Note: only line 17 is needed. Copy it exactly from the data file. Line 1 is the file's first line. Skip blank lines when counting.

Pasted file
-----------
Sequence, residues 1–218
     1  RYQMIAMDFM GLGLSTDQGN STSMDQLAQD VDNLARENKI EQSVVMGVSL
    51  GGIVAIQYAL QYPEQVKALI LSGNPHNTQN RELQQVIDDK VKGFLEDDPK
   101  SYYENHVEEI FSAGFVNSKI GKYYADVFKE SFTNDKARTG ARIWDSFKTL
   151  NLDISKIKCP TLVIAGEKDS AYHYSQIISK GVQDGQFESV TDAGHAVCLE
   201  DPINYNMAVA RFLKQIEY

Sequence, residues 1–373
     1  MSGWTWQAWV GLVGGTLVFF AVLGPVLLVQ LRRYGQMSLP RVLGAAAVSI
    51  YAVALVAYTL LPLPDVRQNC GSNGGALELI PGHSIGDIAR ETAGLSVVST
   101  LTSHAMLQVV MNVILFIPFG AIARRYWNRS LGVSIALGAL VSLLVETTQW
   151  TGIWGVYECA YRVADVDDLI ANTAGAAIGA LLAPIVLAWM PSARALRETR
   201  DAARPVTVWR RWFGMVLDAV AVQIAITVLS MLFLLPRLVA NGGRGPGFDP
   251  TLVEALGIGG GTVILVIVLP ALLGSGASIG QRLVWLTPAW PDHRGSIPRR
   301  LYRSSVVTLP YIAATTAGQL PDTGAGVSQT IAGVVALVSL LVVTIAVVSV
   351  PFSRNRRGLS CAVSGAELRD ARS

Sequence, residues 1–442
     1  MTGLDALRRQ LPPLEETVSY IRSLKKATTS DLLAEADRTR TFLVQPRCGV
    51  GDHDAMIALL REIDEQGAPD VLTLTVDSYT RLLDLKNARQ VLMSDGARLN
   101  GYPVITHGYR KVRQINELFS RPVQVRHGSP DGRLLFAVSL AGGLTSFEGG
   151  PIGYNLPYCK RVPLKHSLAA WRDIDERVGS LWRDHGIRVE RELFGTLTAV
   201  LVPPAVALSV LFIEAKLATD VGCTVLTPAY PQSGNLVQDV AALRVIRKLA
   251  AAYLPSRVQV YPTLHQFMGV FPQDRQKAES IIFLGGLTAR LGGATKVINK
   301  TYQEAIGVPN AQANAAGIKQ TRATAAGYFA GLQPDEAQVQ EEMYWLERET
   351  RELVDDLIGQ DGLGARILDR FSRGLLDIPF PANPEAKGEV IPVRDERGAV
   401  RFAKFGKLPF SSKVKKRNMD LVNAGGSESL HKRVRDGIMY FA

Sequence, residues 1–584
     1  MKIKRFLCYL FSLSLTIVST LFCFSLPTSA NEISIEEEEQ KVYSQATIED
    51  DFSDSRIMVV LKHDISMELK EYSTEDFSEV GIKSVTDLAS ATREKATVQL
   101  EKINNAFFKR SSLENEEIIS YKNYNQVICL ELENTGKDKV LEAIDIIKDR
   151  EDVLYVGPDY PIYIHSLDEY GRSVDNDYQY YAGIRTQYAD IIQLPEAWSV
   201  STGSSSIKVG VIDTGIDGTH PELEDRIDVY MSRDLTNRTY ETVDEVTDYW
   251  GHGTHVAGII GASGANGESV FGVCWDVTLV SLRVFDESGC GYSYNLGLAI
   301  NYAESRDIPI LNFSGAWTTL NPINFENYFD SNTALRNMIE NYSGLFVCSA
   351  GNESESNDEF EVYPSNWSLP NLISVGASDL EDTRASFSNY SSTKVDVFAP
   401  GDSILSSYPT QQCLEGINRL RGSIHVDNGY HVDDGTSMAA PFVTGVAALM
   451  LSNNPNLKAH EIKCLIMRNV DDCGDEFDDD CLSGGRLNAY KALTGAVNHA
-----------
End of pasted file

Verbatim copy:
     1  MTGLDALRRQ LPPLEETVSY IRSLKKATTS DLLAEADRTR TFLVQPRCGV